Tropical peat swamp forests are major global carbon (C) stores that are particularly vulnerable to human intervention. In Peruvian Amazonia they have been severely degraded through recurrent cutting of Mauritia flexuosa palms for fruit harvesting. This has potentially transformed them from a CO2 sink into a significant source. To estimate emissions associated with degradation, we combined C stock changes in aboveground biomass with peat C losses along a gradient comprising undegraded (Intact), moderately degraded (mDeg) and heavily degraded (hDeg) palm swamps. Temporal and spatial dynamics of the main components of the peat C budget (heterotrophic soil respiration (Rh) and litterfall) were measured (bi)monthly over three years, while annual site-specific root C inputs and default dissolved organic C exports were taken from the literature. Variables measured at tree or microtopographic level were site-scaled considering forest structural changes from degradation. Site-scale litterfall (Mg C ha−1 year−1) at the hDeg site (2.3 ± 0.5) was less than half the rate at the Intact and mDeg sites (5.2 ± 0.9 and 6.0 ± 1.6, respectively). Conversely, site-scale Rh (Mg C ha−1 year−1) was higher at the hDeg site (9.6 ± 0.6) than at the Intact and mDeg sites (7.5 ± 1.1 and 6.1 ± 0.5, respectively). The peat carbon budget (Mg C ha−1 year−1) indicated that medium degradation reduced the sink capacity of the soil (from -1.8 ± 1.8 at the Intact site to -0.3 ± 0.7 at the mDeg site) while high degradation turned the soil into a high C source (6.0 ± 0.6 at the hDeg site). The large total C stock loss rates of 23.5 ± 14.3 and 57.7 ± 14.3 Mg CO2 ha−1 year−1 at the mDeg and hDeg sites, respectively, which originated 94 and 77% from aboveground biomass changes clearly highlight the need for sustainable management of these peatlands.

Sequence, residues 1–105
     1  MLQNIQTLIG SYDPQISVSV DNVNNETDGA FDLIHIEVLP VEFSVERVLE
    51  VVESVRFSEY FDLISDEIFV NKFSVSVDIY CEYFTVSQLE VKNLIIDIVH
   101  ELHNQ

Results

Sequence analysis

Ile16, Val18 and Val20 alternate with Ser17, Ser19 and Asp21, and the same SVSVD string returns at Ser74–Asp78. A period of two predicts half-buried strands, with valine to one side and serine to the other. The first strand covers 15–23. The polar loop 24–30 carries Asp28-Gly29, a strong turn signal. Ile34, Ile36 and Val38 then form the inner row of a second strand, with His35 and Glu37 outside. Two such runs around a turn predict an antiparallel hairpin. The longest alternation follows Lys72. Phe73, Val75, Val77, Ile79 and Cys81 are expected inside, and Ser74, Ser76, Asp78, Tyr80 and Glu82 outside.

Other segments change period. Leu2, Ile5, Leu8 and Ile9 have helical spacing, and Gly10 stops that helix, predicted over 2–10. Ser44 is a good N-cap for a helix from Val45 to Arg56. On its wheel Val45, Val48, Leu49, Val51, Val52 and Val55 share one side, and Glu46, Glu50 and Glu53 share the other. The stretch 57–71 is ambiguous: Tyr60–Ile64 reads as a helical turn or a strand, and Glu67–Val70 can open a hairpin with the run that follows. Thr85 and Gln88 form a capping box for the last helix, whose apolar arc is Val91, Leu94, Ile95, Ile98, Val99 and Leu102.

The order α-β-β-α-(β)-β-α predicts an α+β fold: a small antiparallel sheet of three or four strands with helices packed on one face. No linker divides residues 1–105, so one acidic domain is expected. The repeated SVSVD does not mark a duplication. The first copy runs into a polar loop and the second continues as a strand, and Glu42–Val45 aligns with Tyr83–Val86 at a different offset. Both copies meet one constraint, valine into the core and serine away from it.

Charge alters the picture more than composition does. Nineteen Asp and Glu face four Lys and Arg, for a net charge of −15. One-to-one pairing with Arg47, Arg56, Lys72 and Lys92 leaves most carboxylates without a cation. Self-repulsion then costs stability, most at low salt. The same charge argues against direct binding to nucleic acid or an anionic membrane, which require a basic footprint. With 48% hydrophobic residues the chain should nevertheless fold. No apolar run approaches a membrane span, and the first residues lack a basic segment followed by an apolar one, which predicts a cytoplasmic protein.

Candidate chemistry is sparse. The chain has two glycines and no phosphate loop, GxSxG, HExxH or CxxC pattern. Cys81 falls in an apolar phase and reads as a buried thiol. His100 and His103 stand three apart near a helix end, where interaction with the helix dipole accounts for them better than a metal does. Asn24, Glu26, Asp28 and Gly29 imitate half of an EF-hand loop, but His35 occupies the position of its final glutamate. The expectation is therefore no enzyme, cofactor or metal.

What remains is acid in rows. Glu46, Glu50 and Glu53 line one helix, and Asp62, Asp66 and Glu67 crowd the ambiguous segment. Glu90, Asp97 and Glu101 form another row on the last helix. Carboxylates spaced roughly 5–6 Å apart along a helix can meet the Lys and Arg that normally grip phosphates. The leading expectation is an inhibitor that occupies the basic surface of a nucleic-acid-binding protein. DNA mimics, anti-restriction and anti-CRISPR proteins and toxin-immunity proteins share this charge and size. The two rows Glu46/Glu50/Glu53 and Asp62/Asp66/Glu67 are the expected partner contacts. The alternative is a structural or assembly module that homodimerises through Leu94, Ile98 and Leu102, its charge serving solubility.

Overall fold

Carbon budget, CO2 emissions, litterfall, heterotrophic respiration, palm swamp peatlands,